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The M4 Sherman Tank Epic Information Thread.. (work in progress)


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17 minutes ago, Jeeps_Guns_Tanks said:

Yeah, the GAA was one bad ass mill, it had forged rods, with full floating wrist pins, I can't find a source on if the pistons were cast or forged, but I'd bet forged, since everything else was so heavy duty. 

 

I'm really curious why the Army didn't try and get a little more power out of it. 

Because, "durabilty"/  Low stress means long life.

 

Walt could tell you, ever seen the mill for a M48 or M60 tank?  Holy shit.  a rodders dream. Absurdly overbuilt, massive cooling, gigantic valves. 

Any of the "Patton"mills in WW2 would have been stuffed in bombers,  just because of their power to weight ratios. 

 

A  late M60 tank in WW2  would have stunned the Germans.  Superb armor, immensely reliable, and the running gear. 

Like nothing they have seen.  A tiny automatic trans  coupled to a huge  air cooled V-12.

 

 

Great fun to imagine.

 

 

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(M4A3E8, ultimate production Sherman) This is a work in progress, please feel free to comment, or help me with info and links.     Click here to see the new The Sherman Tank Websit

Hey guys, here's the first part of my new section in the Sherman doc, on Marine use of the Sherman.    I'm going to update the main post tonight. I've update every section in the doc with more info

1 minute ago, Meplat said:

Because, "durabilty"/  Low stress means long life.

 

Walt could tell you, ever seen the mill for a M48 or M60 tank?  Holy shit.  a rodders dream. Absurdly overbuilt, massive cooling, gigantic valves.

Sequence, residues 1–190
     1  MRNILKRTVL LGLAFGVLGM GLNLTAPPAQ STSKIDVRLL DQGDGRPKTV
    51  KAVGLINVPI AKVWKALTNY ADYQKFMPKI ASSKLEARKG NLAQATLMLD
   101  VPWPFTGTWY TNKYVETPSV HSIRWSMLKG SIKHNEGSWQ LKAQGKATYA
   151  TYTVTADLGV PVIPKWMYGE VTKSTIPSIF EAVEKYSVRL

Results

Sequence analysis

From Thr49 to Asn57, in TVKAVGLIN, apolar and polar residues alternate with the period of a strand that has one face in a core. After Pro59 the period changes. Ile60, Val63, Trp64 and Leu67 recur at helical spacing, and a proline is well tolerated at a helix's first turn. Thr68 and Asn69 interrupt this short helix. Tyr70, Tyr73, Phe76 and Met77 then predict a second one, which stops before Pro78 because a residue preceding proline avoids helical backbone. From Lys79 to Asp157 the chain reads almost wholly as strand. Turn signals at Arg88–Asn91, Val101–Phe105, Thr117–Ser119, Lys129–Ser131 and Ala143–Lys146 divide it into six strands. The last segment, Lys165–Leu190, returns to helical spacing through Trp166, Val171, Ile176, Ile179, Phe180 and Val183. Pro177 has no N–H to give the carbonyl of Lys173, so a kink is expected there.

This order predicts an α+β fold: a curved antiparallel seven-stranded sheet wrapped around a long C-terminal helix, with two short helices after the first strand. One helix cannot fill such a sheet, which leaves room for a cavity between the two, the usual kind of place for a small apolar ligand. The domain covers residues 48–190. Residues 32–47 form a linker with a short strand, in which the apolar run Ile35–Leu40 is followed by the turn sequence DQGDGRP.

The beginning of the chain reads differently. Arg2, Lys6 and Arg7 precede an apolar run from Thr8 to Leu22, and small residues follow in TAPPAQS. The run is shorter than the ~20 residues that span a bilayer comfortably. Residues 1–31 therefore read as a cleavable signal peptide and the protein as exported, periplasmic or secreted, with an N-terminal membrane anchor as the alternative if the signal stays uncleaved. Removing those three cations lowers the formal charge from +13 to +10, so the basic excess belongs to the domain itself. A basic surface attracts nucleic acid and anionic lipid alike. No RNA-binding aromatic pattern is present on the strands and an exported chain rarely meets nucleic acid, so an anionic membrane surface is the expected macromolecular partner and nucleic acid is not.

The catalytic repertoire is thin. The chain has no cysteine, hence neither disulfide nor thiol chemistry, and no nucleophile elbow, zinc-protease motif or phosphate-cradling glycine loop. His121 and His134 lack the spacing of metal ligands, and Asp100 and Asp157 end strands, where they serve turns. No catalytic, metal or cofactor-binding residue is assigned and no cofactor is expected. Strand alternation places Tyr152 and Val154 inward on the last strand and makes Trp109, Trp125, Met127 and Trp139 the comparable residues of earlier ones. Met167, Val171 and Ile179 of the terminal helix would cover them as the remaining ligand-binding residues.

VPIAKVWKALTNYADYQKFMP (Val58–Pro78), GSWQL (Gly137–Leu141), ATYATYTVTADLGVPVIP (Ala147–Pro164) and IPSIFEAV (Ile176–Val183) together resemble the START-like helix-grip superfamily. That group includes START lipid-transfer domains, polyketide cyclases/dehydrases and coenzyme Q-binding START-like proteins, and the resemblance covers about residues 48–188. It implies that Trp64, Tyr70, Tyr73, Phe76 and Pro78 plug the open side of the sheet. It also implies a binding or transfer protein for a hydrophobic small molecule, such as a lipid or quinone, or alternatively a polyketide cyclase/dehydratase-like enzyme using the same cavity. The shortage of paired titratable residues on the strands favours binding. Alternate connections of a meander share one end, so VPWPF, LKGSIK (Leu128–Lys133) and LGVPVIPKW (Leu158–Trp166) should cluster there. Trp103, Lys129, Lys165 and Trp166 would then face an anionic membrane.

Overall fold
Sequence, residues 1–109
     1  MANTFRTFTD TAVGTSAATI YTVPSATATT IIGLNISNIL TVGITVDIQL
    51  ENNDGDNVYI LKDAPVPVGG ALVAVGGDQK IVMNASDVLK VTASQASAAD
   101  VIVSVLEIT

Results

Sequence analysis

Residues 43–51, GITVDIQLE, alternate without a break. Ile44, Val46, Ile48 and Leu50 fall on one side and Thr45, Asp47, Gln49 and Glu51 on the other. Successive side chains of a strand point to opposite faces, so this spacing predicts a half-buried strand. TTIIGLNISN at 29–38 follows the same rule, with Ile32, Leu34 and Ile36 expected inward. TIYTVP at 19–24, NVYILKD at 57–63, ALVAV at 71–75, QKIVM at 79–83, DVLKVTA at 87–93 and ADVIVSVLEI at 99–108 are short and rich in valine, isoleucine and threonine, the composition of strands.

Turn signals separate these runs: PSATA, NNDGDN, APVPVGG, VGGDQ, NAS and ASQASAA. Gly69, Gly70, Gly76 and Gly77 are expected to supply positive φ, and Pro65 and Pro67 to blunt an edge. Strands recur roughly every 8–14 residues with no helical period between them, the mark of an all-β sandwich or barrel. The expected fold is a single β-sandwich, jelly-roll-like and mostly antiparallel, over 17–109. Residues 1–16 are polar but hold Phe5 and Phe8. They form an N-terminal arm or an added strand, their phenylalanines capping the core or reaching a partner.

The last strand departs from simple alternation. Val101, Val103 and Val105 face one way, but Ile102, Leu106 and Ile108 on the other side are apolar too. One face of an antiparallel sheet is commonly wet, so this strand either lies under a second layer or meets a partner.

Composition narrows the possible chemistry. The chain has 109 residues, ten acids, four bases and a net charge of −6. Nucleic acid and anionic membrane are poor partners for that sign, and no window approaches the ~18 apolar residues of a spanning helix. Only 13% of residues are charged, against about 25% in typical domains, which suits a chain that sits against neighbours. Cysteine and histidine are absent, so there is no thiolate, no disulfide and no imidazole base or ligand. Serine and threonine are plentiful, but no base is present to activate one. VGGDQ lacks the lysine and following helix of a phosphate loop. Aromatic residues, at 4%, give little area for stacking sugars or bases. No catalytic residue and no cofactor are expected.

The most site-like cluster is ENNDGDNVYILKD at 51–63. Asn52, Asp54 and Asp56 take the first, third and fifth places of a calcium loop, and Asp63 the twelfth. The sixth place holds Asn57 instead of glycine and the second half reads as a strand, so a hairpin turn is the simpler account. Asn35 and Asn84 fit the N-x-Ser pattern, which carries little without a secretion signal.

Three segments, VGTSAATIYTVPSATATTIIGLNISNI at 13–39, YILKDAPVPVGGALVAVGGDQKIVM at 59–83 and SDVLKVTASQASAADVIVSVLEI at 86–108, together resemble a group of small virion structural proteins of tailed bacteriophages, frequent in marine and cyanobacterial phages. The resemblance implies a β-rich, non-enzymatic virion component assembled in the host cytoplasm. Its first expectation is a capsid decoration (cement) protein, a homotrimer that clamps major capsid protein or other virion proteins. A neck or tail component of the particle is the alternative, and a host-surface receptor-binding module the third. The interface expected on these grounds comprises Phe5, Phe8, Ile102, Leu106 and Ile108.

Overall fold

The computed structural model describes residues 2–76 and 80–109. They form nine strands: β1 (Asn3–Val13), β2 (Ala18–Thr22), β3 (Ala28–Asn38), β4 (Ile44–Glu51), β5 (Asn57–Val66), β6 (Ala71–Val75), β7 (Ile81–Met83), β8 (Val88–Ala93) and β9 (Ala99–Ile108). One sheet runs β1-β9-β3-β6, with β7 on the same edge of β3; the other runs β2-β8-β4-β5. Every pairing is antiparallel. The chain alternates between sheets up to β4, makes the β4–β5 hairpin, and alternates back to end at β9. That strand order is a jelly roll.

Any of the "Patton"mills in WW2 would have been stuffed in bombers,  just because of their power to weight ratios. 

 

A  late M60 tank in WW2  would have stunned the Germans.  Superb armor, immensely reliable, and the running gear. 

Like nothing they have seen.  A tiny automatic trans  coupled to a huge  air cooled V-12.

 

 

Great fun to imagine.

 

 

 

 

 

I always like to imagine what their reaction to Willow Run or the Fisher or Chrysler Tank Arsenals. They really had nothing comparable. 

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Here are the latest images I have fixed. I'm getting much better at fixing bad sections of the image, and I found a way to blur the pixilated scanned as black and white or worse, run through a photocopier, to actually make the shading, that the scanning process destroyed, looking pretty good again. 

 

This, 

f19-1-TURRET-AND-BASKET-SIDE-VIEW-IMPROV

 

Can look like this:

 

f19-1-TURRET-AND-BASKET-SIDE-VIEW-IMPROV

 

This level of improvement requires a lot more time. 

 

Some others.  This is what I've been doing, with a game or two of Warthunder thrown in. The M46 Tiger is rad. 

 

F394-Telescope-M70F-from-9-7018-improved

M4SERIESGUNNERSPERILATEMODEL-F19-14-FLAT

F414-Periscope-mount-M68-and-adapter-M4A

 

 

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4 hours ago, EnsignExpendable said:

It's T8E1 in all the other places, must have been a typo. That makes sense, since the forged muzzle brake can't be easier to produce than cast.

 

Also there's a turret basket on the T23 turret? I thought the turret basket was eliminated on 76 mm Shermans.

Early t23 turrets had full baskets but as they improved it, the basket got smaller and smaller to the point it covered leas than half the floor.

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That's an interesting topic as, like with the Valentine, nobody appears to know where the name originated. In his book on the Firefly, Hayward gives a bit of background: